A mechanical issue is believed to have caused the E-11A to crash.
The flight data recorder from the U.S. Bombardier E-11A was also recovered from the site, according to a statement from U.S. Forces Afghanistan.
A mechanical issue is believed to have caused the E-11A to crash on Monday in Ghazni province, a defense official said. A second official told ABC News that the pilots had declared an in-flight emergency.
The statement released on Tuesday reiterated that there were no indications that the crash was caused by enemy fire.
U.S. military personnel destroyed the remnants of the aircraft.
Several factors delayed Tuesday’s recovery of the bodies, including weather conditions and security precautions that were taken in order to reach the location of the crash, which is in a Taliban stronghold south of Kabul, one defense official said. Afghan forces secured the area, allowing the U.S. military to conduct the recovery operations, the official added.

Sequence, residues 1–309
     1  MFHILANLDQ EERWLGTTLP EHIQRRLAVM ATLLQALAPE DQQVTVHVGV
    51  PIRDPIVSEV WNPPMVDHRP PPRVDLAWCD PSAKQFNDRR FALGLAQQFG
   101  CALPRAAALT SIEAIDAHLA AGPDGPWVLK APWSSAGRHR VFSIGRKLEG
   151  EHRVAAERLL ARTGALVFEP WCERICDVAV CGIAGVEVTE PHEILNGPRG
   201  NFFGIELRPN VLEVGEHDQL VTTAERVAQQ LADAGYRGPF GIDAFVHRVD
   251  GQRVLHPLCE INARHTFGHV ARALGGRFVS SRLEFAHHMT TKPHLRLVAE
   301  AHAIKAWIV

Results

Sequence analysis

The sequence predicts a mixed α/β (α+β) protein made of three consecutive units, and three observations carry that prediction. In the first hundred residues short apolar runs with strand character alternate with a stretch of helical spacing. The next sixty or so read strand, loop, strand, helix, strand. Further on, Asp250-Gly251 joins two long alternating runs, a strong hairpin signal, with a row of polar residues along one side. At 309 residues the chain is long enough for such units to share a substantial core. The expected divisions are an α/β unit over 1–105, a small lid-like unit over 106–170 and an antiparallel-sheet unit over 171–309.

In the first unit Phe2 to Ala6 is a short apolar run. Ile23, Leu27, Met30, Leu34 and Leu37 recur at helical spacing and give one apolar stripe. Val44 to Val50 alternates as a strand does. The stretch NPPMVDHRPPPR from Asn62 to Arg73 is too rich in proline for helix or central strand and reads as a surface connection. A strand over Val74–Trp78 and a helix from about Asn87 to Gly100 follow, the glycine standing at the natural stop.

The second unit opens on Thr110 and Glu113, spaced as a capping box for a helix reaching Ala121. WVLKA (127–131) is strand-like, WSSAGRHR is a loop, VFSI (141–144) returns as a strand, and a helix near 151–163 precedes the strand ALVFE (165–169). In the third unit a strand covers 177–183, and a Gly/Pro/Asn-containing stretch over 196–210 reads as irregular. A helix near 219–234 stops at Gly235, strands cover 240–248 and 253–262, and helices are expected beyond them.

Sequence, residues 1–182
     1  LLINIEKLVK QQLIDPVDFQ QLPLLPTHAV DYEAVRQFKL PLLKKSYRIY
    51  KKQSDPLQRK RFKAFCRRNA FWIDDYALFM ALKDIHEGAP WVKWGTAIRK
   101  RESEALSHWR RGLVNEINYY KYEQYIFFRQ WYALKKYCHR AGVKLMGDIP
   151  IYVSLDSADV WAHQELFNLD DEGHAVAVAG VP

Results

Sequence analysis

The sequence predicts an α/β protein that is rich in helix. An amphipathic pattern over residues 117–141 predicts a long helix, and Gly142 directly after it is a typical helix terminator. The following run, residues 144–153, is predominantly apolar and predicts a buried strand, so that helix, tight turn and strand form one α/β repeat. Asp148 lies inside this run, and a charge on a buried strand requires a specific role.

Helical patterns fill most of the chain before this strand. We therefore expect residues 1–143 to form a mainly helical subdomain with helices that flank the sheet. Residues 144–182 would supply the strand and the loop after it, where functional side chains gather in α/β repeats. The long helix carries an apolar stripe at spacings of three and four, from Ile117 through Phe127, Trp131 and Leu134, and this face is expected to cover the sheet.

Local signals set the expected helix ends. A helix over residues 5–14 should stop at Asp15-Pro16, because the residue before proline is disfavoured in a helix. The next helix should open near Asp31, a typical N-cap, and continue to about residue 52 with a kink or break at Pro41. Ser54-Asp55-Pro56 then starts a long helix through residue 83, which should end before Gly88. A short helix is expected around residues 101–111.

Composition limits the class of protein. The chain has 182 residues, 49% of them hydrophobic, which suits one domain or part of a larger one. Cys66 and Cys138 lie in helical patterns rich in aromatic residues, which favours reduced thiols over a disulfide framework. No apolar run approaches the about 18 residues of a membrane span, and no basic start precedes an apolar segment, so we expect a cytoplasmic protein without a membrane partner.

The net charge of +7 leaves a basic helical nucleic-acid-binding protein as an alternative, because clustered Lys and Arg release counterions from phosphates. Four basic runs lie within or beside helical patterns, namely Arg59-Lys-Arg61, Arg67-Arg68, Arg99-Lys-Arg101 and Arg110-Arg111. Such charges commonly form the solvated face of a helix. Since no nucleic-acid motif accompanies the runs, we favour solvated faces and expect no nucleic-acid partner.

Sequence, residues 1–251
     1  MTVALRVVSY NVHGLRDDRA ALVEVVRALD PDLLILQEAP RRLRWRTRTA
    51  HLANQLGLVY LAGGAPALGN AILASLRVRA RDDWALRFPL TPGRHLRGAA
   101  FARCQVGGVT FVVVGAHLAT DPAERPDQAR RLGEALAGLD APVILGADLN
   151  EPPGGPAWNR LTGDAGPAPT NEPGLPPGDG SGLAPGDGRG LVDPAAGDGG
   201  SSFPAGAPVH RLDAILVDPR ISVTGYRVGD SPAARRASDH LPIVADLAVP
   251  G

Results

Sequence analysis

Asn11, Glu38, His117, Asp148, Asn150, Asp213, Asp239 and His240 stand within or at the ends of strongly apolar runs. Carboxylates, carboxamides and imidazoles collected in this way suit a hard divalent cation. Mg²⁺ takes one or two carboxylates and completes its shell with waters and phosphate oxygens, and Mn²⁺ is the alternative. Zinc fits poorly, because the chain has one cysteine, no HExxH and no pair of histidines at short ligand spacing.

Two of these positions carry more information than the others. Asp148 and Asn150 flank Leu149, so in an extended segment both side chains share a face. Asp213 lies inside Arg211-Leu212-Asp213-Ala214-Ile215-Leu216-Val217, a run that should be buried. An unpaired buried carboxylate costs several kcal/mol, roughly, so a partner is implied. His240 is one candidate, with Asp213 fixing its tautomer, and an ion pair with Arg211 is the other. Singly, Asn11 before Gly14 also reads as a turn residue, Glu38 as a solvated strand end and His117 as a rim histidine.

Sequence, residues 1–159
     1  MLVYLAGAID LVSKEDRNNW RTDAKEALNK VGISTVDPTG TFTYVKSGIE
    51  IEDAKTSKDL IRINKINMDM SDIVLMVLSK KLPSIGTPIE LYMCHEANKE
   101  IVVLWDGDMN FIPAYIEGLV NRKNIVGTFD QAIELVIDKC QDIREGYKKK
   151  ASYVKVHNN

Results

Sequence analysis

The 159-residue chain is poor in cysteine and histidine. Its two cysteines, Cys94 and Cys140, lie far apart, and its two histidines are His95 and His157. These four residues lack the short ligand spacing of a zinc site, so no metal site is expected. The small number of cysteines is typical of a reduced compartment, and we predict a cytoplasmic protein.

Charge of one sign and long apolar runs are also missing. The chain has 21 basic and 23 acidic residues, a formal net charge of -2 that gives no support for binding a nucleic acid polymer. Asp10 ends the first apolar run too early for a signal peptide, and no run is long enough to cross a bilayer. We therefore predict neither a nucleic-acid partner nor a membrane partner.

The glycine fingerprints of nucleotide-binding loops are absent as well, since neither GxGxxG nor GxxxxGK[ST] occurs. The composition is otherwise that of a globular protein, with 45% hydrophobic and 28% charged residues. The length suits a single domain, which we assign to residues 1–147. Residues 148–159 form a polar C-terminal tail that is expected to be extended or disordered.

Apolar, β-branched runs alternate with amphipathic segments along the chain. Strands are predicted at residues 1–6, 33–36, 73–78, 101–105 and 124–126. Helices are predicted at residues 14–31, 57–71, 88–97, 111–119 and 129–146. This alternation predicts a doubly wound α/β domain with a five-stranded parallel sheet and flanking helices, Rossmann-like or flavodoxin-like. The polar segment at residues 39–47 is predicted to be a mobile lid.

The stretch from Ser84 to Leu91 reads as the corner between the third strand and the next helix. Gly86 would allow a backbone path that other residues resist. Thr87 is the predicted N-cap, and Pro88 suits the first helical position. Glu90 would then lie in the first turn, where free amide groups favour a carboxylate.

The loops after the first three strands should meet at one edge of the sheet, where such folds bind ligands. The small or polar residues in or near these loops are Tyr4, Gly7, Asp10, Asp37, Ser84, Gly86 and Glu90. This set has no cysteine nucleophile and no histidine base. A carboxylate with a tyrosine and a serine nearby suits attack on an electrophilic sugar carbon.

The Pentagon has not yet identified the two individuals killed in the crash.
In the aftermath of the crash, the Taliban said they had shot down the aircraft — a claim rebutted by spokesperson Col. Sonny Leggett in a statement on Monday. He also called Taliban claims that additional aircraft had crashed “false.”
Two 82nd Airborne Division paratroopers were killed by an improvised explosive device, or IED, while conducting combat operations in Kandahar province, Afghanistan on Jan. 11. They were later identified as Staff Sgt. Ian Paul McLaughlin of Newport News, Virginia, and Pfc. Miguel Angel Villalon of Joliet, Illinois.
ABC News’ James Meek and Abby Cruz contributed to this report.